6. Erik Peterson in Buch von dem Engeln [Book of the Angels](Leipzig: Verlag Hegner, 1935) has shown in an unsurpassed way the union of the heavenly and earthly Jerusalem in the celebration of the liturgy.
7. Naturally, it is a prerequisite that one is not burdened with serious sins; otherwise, one could not receive Holy Communion “in the proper spirit.”
8. Mt 4:1-2.
9. Lk 6:12.
10. Lk 22:42.
11. Jn 13:1.
12. Jn 17.
13. Lv 16:17.
14. Lv 16:16.
15. Lv 16:13.
16. Because the limits of this essay do not permit me to cite Jesus’ entire high priestly prayer, I must ask readers to take up St. John’s Gospel at this point and re-read chapter 17.
17. Acts 9.
18. Acts 10.
19. The Way of Perfection, in Schriften der heiligen Teresa von Jesus, vol. 2, ch. 1 (Regensberg, 1907). [English translation in The Collected Works of St Teresa of Avila, trans. Kieran Kavanaugh and Otilio Rodriguez, vol. 2, (Washington, DC: ICS Publications, 1980), ch. 1, sec. 1 and 5, pp. 41 and 42. Tr.]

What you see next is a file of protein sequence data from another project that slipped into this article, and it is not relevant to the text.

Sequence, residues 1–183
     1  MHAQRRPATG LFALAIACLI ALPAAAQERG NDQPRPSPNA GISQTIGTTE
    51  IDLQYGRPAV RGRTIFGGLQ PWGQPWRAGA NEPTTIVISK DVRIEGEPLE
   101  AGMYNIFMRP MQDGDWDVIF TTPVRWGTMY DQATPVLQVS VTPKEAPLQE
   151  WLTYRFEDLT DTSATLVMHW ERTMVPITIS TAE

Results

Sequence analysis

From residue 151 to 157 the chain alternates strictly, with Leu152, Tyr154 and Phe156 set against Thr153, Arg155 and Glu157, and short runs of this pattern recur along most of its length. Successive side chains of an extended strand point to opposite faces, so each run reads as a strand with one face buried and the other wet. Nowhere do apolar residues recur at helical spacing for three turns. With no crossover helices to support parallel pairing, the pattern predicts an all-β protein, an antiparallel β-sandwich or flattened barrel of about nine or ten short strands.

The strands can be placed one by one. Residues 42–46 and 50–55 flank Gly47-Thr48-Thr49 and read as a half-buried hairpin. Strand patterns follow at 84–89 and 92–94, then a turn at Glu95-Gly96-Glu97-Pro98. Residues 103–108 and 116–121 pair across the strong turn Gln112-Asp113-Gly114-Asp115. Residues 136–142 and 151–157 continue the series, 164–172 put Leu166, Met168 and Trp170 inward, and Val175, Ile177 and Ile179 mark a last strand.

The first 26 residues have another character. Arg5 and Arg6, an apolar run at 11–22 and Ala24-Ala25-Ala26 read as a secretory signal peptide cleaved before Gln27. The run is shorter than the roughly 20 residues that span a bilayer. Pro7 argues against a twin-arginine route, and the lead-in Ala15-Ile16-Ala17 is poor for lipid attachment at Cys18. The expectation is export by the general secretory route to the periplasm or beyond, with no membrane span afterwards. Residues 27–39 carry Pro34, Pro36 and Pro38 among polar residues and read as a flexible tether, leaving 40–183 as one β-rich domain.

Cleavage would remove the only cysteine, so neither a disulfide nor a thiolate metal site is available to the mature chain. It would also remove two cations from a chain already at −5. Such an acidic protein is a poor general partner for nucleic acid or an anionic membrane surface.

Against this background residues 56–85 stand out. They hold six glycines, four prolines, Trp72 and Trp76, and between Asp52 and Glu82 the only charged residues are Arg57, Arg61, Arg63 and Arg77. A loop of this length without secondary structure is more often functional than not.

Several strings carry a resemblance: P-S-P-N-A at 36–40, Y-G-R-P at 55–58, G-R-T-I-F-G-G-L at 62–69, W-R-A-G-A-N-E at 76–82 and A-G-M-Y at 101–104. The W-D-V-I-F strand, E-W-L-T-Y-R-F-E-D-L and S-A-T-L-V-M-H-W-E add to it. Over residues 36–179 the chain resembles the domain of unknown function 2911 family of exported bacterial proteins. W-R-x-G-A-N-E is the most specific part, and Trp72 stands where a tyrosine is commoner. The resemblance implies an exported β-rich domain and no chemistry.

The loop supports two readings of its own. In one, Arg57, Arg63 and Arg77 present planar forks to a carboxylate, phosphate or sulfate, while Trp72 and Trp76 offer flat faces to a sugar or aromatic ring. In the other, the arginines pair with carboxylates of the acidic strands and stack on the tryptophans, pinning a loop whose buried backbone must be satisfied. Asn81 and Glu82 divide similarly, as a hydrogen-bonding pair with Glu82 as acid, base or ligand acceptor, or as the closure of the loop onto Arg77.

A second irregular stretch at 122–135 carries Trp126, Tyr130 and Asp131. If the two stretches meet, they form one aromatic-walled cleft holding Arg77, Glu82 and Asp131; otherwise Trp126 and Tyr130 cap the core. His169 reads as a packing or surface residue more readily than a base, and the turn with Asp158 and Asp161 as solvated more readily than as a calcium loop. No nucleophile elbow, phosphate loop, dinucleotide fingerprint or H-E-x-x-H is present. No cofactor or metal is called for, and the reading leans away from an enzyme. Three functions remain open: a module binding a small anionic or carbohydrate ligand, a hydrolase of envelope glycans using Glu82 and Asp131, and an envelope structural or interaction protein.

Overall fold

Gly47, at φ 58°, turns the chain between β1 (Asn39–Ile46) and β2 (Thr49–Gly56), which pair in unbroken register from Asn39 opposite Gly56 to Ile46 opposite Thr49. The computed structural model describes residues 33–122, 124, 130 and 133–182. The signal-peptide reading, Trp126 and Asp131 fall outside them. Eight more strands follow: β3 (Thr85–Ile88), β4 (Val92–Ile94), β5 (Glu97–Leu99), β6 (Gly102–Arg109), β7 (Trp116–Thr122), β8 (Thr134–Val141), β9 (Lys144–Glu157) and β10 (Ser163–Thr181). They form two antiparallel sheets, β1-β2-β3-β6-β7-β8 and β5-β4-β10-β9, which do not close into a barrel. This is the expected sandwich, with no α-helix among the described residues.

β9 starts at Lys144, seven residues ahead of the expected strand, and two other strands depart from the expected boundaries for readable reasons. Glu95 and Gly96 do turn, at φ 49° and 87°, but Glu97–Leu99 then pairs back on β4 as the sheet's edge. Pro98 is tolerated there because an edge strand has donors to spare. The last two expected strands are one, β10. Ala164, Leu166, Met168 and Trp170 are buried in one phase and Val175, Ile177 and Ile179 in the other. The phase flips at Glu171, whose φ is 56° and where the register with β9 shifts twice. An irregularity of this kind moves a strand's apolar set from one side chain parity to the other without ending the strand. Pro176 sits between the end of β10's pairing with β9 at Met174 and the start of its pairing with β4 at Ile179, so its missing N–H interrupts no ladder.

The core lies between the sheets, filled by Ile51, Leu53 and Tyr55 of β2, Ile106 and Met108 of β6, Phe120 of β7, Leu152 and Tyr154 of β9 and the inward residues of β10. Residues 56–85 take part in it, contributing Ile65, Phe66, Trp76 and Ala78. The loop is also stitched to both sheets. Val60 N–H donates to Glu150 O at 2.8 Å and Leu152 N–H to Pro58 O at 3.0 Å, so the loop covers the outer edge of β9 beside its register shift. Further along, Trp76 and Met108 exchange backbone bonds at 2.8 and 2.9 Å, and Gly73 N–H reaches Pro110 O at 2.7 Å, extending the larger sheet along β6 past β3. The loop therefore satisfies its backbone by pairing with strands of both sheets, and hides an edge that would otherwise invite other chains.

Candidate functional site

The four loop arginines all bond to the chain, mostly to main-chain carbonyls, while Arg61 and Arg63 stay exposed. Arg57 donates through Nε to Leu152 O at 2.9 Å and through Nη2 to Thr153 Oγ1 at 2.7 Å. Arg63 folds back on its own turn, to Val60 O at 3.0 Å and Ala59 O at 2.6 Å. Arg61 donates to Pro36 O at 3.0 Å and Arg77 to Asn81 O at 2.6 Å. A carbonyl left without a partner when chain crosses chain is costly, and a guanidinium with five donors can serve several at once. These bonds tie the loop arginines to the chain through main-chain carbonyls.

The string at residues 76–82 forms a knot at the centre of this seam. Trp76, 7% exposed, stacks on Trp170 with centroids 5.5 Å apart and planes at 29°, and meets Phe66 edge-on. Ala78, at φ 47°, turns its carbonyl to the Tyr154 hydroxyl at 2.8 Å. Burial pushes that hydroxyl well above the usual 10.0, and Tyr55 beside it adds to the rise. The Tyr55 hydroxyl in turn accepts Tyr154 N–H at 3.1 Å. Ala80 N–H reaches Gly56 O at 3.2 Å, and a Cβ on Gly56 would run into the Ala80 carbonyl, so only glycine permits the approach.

20. The Way of Perfection,ch. 3. Both of these passages are regularly read in our Order on Ember Days [in Edith Stein’s time Tr.].
21. Interior Castle, Seventh Dwelling Place, ch 2, sec. 1. [Also contained in The Collected Works of St. Teresa of Avila, trans. Kavanaugh and Rodriguez, vol. 2 (Washington, DC: ICS Publications, 1980) Tr.]
22. Rom 8:26.
23. 1 Cor 12:3.
24. Marie de la Trinité, Lettres de “Consummata” à une Carmélite (Carmel d’Avignon, 1930), letter of September 27, 1917. Published in German as Briefe in den Karmel(Regensberg: Pustet, 1934), pp. 263ff.
25. “There is one interior adoration…adoration in Spirit, which abides in the depths of human nature, in its understanding and in its will; it is authentic, superior adoration, without which outer adoration remains without life.” From “O mein Gott, Dreifalitger, den ich anbete”: Gebet der Schwester Elisabeth von der Heligisten Dreifaltigkeit [“O My God, Trinity Whom I Adore”: Prayer of Sister Elizabeth of the Trinity], interpreted by Dom Eugene Vandeur, OSB (Regensburg, 1931), p. 23. [English translation: Trinity Whom I Adore, trans. Dominican Nuns of Corpus Christi Monastery (New York, NY: Pustet, 1953). Tr.]